Shade Not On Live Nation's Forthcoming Comedy Club, For It Is A Sign Of... Comedy Health?
BY JOE MOORE
Live Nation announcing plans to open a 450 seat comedy club in Philadelphia — apparently as part of the sprawling Fillmore complex in Fishtown — is sort of like a "dream" come true. Not in the sense that I have been wishing this would happen, but more in the way how dreams are a hazy amalgamation of disparate things coming together in an odd way while you were asleep. A "Philadelphia Live Nation Comedy Club" is an a bunch of ideas that on their own are fine but make less sense together to me. Is Live Nation (the name is Algonquin and loosely translates to "Fifteen Dollar Surcharge") committing big to the comedy game? Is there even a comedy game?
But the more I think about it, the more it makes sense.
Comedy as an industry is growing, both in and outside of Philadelphia. I hesitate to call it a "boom" at the risk of sounding like a hack, but there is more attention towards, interest in, and outlets for comedy today than there was ten or fifteen years ago. With the help of some media attention, there is a good chance your mom's friends know names like Marc Maron and Amy Poehler.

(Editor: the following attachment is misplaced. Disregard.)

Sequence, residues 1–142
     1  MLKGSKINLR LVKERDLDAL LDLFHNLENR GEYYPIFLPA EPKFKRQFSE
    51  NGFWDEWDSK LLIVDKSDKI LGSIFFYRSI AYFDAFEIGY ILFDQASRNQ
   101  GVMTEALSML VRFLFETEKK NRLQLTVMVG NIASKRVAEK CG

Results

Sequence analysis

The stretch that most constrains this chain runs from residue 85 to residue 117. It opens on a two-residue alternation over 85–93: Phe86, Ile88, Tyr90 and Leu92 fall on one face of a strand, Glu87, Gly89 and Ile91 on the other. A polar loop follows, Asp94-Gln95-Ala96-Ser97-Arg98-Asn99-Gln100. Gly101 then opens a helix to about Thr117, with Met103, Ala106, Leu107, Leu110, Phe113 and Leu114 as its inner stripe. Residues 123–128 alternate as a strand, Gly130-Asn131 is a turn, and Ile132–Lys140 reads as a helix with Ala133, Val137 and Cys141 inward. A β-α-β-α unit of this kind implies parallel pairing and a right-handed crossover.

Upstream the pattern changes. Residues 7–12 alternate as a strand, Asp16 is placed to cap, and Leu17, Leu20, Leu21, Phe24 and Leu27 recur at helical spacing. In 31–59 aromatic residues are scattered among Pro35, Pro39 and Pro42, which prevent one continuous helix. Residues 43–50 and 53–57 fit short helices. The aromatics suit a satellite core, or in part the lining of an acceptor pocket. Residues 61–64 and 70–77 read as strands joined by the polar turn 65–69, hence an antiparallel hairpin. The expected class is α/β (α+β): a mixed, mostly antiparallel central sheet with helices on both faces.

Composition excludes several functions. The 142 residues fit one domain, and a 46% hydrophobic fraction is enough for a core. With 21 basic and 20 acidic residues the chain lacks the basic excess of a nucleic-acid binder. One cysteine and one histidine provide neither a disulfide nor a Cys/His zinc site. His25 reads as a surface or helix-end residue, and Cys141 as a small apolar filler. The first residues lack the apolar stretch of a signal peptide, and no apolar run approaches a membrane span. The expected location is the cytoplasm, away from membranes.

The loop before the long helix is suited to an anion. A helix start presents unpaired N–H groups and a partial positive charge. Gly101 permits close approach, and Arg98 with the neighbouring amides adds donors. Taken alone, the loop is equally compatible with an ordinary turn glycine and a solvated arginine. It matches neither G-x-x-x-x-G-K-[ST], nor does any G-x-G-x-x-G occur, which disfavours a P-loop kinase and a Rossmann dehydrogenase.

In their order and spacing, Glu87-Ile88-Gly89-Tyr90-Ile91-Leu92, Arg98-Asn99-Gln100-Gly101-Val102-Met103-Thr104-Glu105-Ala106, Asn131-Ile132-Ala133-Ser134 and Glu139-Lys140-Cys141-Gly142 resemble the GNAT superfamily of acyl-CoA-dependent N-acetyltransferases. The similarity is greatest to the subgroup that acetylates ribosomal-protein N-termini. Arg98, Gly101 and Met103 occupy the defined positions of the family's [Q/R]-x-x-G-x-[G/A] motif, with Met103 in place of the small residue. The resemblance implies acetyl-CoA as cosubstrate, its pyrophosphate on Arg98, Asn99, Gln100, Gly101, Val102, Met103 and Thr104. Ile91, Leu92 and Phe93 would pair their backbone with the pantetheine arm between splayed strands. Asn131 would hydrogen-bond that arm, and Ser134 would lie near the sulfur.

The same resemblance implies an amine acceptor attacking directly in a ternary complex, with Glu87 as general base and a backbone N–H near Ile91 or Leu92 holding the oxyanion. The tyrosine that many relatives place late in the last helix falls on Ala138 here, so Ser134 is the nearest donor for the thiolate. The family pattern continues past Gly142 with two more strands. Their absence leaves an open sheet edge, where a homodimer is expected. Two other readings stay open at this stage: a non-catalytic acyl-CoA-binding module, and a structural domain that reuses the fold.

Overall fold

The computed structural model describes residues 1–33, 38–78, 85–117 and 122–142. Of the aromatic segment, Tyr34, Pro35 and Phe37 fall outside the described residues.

But why Philadelphia? Because Philadelphia is a comedy city. The line for tickets to see Louie CK at Helium a few weeks back stretched as far as the Blue Route. Philly Sketchfest drew acts from as far as Alberta, Canada, to perform in front of our crowds. The NCrowd is celebrating 11 years of performing short form glory for sold out crowds. Good Good Comedy ran a successful kickstarter for over $30,000 that will make a home for great comedy and free pizza forever. The Philly Improv Theater is teaching over a dozen 101 classes, and are moving into a 100 seat theater this summer. There is an open mic virtually every night of the week... and they are actually pretty good! Comedy acts are appearing on non-comedy stages like the Tower Theater and Trocadero.
So good. Hooray for The Fillmore. I hope they get a bunch of cool acts and that beer isn't too expensive. Maybe we can show both nationally touring comedians and tourists that cheese steak was a thing of the past. Comedy is our new best trick.